[Ilugc] [Admin] Test HTML email
ramanraj at md4.vsnl.net.in
Sat Oct 30 09:47:15 IST 2004
Prabhu Ramachandran recently wrote:
> Sorry about the junk test mails but I'm hoping this works so we don't
> end up with null-body messages in the future.
and earlier wrote:
> There was a problem with the HTML->text conversion that I've hopefully
> fixed. Try again and things should work (even without turning off
> HTML mails).
There may be other problems too that may be worth taking note.
I had the same problem earlier, with Mozilla, when I included a
portion of the "hello" program binary opened with emacs into the body of
the message, to make a point. The reason might be that some junk [in
the sense, it makes no sense to us] characters may get included in the
body of the message, which some how instruct Mozilla to truncate the
message. A simple test message, composed afresh, with one or two words,
entered only through the keyboard without cut and paste from
other programs, should help to rule out other errors. Sangharsha may
also check the "Sent" folder, to confirm if truncated messages were
sent by Mozilla.
BTW, I am curious to know what Lord McCauley [Lord Macaulay?] spoke in
the British Parliament, just before English was introduced as a medium
of instruction in India, that Sangharsha has been trying to let this
list know. Many a legal system, including ours, is built upon the
philosophy of men like Jeremy Bentham and Lord Macaulay. If those
philosophers had had access to the tools we use today, the kind of legal
system we might be using may have been very different. Very
unfortunately, with the kind of ridicule philosophy receives these days,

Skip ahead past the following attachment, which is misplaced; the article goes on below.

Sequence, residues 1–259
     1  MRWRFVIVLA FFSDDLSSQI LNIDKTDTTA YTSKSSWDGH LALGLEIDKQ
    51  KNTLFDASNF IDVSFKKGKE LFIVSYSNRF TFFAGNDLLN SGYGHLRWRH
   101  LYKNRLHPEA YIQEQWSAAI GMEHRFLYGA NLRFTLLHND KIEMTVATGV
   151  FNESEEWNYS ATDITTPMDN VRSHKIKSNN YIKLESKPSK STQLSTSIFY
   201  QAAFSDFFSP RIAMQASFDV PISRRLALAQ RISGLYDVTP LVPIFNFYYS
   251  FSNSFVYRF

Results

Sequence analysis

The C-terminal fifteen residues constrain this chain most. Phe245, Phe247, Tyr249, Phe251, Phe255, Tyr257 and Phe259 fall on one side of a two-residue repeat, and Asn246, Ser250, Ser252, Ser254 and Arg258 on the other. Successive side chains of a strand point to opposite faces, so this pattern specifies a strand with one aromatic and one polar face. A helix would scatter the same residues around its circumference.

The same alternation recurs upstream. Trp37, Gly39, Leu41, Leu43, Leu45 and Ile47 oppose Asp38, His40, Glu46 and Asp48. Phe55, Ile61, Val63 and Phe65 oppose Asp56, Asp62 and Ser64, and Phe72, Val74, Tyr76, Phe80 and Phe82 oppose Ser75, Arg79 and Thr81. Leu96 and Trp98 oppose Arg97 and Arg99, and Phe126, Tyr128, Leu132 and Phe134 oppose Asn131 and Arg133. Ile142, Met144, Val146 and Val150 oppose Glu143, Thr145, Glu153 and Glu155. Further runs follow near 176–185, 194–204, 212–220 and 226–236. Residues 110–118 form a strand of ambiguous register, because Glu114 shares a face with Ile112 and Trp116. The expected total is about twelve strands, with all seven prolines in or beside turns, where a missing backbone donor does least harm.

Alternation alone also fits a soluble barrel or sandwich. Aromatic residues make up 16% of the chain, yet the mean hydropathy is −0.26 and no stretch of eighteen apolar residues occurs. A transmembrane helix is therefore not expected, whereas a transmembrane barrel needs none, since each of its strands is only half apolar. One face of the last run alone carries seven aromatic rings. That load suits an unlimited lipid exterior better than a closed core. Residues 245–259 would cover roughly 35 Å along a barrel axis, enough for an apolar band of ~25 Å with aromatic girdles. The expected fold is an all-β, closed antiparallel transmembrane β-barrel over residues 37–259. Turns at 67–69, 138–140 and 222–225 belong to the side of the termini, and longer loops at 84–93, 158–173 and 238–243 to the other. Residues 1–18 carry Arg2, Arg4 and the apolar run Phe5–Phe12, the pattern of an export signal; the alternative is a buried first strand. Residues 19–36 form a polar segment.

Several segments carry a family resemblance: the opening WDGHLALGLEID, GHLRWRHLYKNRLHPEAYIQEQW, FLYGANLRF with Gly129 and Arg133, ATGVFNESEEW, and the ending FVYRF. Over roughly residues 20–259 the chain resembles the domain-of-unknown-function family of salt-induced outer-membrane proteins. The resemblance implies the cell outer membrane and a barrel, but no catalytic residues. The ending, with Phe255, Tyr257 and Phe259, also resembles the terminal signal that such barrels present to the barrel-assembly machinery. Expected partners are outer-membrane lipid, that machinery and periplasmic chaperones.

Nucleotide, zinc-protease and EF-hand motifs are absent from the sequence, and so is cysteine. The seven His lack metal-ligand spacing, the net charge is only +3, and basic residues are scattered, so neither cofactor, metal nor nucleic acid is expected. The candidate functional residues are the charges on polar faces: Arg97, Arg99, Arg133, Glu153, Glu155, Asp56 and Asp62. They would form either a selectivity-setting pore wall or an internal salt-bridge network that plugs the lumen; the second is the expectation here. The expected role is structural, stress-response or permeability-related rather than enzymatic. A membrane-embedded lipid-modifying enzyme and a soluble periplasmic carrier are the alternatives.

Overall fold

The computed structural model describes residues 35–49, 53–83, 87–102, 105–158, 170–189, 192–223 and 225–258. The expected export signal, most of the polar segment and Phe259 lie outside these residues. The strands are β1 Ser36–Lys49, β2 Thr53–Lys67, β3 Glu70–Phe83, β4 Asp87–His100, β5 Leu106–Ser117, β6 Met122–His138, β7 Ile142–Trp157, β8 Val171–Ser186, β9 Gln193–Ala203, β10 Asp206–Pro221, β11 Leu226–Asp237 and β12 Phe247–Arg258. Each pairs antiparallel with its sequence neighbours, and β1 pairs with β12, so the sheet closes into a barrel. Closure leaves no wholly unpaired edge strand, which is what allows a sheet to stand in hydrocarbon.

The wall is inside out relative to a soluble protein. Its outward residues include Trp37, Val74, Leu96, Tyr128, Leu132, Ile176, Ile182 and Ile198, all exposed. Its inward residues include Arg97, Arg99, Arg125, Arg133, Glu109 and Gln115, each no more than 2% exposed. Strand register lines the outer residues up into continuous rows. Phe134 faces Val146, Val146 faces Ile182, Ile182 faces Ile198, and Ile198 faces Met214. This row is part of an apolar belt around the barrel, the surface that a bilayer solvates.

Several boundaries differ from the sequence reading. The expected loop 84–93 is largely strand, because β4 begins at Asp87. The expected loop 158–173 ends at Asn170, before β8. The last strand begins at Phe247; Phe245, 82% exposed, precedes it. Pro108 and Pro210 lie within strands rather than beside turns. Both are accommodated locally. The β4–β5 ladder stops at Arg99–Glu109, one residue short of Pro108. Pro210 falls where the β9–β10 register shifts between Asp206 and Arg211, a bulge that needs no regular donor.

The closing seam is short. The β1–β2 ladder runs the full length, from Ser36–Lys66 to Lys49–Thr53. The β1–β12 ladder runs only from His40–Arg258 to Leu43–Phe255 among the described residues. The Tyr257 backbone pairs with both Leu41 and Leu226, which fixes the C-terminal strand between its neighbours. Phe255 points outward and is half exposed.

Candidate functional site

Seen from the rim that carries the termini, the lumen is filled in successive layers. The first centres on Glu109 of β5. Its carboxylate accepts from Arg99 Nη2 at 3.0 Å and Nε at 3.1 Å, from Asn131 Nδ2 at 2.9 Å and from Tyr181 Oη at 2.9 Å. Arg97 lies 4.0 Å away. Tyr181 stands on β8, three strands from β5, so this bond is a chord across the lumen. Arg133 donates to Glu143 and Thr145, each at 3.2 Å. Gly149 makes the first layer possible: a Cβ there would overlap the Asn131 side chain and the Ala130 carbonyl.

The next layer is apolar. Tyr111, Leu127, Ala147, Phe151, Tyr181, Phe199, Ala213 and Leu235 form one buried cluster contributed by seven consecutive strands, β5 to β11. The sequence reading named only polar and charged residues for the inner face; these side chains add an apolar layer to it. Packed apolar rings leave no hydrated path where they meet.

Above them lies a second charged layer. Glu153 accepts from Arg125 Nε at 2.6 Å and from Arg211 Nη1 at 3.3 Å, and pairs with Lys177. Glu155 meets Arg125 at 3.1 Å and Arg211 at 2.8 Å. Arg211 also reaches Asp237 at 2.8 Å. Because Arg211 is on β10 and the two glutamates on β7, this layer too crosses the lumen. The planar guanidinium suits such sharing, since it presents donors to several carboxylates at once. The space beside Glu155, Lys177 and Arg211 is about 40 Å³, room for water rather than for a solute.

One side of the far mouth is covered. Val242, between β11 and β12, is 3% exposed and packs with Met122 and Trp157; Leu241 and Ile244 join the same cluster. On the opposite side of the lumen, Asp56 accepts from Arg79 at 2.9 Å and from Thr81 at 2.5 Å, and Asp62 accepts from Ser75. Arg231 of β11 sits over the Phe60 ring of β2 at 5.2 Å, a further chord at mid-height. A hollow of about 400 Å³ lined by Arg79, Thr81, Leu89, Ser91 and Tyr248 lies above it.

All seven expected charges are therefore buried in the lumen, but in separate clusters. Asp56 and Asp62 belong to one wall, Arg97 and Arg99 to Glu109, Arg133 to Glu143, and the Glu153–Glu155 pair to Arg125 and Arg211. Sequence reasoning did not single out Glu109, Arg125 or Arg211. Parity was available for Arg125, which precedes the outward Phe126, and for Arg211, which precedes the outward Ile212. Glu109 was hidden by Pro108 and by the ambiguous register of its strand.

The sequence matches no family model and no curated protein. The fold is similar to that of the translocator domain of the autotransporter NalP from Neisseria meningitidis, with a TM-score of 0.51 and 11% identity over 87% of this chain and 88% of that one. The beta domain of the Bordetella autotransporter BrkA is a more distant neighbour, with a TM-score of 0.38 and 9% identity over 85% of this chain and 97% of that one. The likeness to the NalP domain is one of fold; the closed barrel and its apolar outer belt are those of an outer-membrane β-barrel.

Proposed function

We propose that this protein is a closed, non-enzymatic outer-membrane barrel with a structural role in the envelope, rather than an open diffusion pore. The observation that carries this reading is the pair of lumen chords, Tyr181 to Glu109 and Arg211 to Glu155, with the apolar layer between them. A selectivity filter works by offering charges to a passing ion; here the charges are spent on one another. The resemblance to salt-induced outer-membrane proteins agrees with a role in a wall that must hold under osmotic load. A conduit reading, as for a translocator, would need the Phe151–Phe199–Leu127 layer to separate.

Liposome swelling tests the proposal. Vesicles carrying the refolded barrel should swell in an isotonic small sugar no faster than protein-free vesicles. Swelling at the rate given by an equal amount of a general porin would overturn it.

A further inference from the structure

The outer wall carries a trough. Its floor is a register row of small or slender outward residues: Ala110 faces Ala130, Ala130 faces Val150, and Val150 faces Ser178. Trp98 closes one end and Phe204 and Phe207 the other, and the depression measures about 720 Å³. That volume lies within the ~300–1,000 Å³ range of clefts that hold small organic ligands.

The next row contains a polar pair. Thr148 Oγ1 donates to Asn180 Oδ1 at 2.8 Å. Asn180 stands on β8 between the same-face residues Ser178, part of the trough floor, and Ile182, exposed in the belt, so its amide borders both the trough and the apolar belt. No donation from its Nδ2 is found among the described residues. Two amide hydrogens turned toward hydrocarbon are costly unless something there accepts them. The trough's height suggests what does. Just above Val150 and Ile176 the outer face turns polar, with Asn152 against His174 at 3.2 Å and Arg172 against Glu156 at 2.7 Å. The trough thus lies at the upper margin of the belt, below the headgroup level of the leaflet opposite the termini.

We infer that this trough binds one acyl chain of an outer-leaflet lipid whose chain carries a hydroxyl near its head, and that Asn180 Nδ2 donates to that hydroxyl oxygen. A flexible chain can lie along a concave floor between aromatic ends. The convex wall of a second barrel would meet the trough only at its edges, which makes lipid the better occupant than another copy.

it may take eons before any useful reforms or changes become possible.
Before this is ticked off as OT, two bits of info:
Tim O'Reilly wrote :
I like to tell people the story of the Mechanical Turk, a 1770 hoax that
pretended to be a mechanical chess playing machine. The secret, of
course, was that a man was hidden inside. The Turk actually played a
small role in the history of computing. When Charles Babbage played
against the Turk in 1820 (and lost), he saw through the hoax, but was
moved to wonder whether a true computing machine would be possible.
Then, Charles Babbage sought for funds from the British Parliament, to
build his mechanical computing device, at about the same time as
Macaulay was making his speeches, and this is well documented at
http://fourmilab.ch/babbage Babbage recieved a little support
initially, but a lot of ridicule later. His mother alone advised:
"My dear son, you have advanced far in the accomplishment of a great
object, which is worthy of your ambition. You are capable of completing
it. My advice is--pursue it, even if it should oblige you to live on
bread and cheese." Babbage never saw a fully working computing device,
but we are fortunate to live during a period when we can take much for
granted. The same issues that troubled Babbage still remain: Can we
please have a super computer like Thunder for our country ? AFAIK, that
question has not even been debated in our Parliament yet. It is time we
broke the repeating cycles of history to make substantial progress.
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